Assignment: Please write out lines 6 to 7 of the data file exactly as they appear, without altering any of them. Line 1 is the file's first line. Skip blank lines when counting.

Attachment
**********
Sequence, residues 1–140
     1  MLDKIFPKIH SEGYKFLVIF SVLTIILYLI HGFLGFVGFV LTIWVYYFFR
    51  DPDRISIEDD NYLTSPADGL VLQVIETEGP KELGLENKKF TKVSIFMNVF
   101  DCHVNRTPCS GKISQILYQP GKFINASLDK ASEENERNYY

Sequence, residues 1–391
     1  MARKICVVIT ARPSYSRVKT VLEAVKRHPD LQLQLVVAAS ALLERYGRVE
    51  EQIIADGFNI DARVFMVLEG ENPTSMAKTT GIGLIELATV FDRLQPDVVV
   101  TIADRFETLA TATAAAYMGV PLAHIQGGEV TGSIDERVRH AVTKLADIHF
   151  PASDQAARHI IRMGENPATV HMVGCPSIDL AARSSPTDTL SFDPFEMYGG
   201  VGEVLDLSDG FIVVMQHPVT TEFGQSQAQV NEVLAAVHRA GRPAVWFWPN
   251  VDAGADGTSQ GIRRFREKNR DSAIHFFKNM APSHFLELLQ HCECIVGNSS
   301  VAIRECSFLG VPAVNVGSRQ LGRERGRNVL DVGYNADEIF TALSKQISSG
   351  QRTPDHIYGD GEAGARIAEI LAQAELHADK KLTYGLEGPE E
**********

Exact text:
     1  MARKICVVIT ARPSYSRVKT VLEAVKRHPD LQLQLVVAAS ALLERYGRVE
    51  EQIIADGFNI DARVFMVLEG ENPTSMAKTT GIGLIELATV FDRLQPDVVV